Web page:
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Creating an issue

If you can’t find relevant issues to work on in the OpenRefine Design Project, or you already have new ideas for OpenRefine that you’d like to contribute to, you are welcome to create new issues. To do that you can either click on "New issue" from the Issues page of the relevant repository, or you can click on the “Add new item” buttons from the bottom of the Table or Board views in the OpenRefine Design Project page. You may be prompted to select a template if applicable.

Specify the type of issue: Choose one of the following options that best describes your issue:

  • Bug report: Create a report to help us improve OpenRefine.
  • Feature request: Suggest an idea for OpenRefine.
  • Design discussion: Start a discussion on issues related to UI/visual design, UX/usability or accessibility.
  • Documentation: Report issues related to improving project documentation or tutorials.
  • Report a security vulnerability: Privately report a security vulnerability.
  • Ask a question (forum): Please ask and answer questions here.
  • Gitter chat: Engage in live discussions on Gitter.

Selecting the appropriate issue type ensures that your contribution reaches the right audience and receives the attention it needs.

Title and description: Craft a clear and descriptive title (e.g., "Improve Consistency in Button Styling" rather than just “Button Design”) for your issue. Detail the design problem or idea following the template provided in the description space. Screenshots or links to mockups can add clarity.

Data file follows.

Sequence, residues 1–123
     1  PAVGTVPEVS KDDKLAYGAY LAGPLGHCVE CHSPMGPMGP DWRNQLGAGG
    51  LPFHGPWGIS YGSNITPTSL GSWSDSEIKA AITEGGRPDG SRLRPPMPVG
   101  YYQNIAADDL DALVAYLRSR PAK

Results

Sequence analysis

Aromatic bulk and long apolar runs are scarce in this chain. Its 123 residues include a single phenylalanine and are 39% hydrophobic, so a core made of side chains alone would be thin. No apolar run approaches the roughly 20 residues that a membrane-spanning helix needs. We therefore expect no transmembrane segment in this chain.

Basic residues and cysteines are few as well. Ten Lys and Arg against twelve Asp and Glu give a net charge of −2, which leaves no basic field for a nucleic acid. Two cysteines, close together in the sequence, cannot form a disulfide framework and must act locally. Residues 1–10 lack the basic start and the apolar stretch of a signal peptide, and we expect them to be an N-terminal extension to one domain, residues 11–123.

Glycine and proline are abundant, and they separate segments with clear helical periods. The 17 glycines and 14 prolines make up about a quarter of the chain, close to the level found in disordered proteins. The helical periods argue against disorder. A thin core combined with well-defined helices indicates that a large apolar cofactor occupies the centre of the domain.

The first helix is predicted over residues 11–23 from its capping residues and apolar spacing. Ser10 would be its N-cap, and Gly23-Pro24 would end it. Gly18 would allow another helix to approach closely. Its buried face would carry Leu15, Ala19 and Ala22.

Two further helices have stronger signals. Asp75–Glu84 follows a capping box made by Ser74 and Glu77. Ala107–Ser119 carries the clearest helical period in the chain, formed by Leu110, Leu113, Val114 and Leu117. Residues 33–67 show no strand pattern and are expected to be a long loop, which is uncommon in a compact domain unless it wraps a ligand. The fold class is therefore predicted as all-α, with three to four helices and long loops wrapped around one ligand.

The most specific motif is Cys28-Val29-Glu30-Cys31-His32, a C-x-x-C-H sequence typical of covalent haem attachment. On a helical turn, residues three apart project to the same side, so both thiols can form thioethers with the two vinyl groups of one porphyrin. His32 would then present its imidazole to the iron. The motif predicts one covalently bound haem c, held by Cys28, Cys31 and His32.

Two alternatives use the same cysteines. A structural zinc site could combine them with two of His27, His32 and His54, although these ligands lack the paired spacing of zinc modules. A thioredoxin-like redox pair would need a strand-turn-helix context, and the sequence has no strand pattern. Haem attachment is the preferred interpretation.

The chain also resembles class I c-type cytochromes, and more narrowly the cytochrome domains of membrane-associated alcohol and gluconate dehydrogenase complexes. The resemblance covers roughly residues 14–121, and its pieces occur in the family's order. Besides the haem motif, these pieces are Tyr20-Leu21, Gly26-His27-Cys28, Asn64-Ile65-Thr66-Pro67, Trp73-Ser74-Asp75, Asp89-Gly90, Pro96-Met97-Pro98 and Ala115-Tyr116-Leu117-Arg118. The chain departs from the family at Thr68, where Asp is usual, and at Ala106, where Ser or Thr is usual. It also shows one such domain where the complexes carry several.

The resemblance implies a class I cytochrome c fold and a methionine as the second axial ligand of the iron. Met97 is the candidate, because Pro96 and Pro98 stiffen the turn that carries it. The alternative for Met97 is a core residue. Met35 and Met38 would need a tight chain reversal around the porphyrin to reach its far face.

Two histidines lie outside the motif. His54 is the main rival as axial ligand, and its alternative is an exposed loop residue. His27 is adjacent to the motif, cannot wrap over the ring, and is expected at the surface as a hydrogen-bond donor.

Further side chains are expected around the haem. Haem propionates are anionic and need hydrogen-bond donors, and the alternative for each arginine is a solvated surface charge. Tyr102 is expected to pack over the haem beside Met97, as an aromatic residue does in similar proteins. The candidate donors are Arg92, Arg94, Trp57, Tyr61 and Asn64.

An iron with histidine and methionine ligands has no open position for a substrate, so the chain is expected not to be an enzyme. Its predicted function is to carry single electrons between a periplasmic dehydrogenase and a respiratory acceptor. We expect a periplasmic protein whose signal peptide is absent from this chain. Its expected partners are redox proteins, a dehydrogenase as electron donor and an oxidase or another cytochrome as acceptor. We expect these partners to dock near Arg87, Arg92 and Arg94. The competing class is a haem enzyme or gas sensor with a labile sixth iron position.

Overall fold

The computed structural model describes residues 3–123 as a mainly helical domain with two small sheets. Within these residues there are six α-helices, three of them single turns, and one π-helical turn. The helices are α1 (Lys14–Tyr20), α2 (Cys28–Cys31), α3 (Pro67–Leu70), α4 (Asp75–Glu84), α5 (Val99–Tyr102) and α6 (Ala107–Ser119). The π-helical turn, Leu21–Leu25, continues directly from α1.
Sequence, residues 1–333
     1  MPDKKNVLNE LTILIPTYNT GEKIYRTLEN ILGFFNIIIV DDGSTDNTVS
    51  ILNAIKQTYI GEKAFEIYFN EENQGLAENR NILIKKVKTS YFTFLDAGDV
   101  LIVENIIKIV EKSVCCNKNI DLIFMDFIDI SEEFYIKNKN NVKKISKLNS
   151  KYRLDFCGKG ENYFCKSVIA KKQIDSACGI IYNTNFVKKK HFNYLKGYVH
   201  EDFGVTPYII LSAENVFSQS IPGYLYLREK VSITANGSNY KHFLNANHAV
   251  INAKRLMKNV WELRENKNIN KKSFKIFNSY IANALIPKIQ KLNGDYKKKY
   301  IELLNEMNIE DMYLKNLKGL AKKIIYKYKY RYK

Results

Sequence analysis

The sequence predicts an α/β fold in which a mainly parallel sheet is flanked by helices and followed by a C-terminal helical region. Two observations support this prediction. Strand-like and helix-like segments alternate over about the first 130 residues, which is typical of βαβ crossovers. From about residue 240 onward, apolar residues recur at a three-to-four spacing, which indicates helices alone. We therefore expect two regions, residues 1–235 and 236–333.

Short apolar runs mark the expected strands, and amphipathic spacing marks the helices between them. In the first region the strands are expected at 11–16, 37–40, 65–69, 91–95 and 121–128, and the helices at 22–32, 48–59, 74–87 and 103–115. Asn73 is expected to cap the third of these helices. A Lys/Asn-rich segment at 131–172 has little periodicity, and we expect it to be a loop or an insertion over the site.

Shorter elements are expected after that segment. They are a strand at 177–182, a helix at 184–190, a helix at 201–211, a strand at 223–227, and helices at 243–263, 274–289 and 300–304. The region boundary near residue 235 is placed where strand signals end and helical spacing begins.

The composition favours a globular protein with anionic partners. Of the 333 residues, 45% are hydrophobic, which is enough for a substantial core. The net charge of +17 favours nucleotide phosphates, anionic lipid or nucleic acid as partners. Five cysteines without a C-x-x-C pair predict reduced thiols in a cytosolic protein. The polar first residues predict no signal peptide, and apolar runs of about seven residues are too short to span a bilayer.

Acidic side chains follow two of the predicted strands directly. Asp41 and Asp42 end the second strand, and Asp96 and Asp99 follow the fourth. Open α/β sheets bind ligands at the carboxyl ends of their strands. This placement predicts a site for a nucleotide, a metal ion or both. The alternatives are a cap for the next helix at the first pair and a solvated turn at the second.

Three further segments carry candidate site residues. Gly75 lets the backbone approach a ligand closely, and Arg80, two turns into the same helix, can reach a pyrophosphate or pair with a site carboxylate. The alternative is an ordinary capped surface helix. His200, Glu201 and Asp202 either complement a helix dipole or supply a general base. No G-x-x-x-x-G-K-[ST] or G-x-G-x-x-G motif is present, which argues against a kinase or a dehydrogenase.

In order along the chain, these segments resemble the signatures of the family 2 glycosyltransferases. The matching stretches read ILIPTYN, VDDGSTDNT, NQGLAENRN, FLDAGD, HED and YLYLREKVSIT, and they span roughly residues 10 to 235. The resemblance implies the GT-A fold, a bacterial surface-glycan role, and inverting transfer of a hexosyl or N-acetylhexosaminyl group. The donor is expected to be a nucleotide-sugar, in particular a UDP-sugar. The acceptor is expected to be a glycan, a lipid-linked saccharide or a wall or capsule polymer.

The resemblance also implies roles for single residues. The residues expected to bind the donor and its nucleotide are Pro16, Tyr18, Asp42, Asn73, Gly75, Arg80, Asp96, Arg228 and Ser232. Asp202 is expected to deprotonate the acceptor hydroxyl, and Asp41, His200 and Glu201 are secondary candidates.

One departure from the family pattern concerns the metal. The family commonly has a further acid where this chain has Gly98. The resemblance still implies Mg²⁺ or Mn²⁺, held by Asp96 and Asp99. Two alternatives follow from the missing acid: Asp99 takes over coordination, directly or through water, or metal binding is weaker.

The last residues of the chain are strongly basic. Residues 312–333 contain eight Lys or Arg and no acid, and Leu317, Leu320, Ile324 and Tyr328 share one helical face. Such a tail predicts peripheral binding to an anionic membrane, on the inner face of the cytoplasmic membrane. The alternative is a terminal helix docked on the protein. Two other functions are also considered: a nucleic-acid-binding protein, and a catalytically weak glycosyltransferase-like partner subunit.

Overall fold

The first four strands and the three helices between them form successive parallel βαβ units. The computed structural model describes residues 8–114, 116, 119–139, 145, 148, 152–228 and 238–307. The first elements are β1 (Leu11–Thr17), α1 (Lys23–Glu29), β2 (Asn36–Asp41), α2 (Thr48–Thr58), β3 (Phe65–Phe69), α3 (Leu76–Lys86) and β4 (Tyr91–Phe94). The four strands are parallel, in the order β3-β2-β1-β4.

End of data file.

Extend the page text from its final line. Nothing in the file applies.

Assigning labels:Labels are used to categorize issues based on their content. It's important to note that label assignment is generally restricted to more experienced contributors, and you need to wait to become a member of the OpenRefine GitHub organization before being able to perform this yourself. In any case, it’s helpful to be aware of the current labeling conventions in order to be able to better identify issues suitable to contribute to, as well as being able to assign labels yourself in the future.

Label structure: Generally, issues can be tagged with labels that fall within one of the following categories: Type / Theme / Status / PR [pull request] / Priority / Difficulty / Platform / Module / Data format

You would have already seen the templates for the Type category labels, these were Bug, Feature Request, Design Discussion, and Documentation. The next set of labels relevant for design contributions are the Theme category labels, these can be one of the following: UI/Visual Design, UX/Usability and Accessibility. Status is assigned via the Project views. PR, Priority, and the rest of the categories are optional, but still helpful to assign whenever possible. Difficulty is a category that can be particularly useful when identifying issues to contribute to. The Good first issue label indicates an issue that is suitable to newcomers, whereas Difficulty: Intermediate or Advanced indicate issues better suited to more experienced contributors. Check out the Resources section for a complete guide to the GitHub label structure used by the OpenRefine community.

Submitting your issue: Click "Submit new issue" to publish your issue. It will now be visible to the OpenRefine community.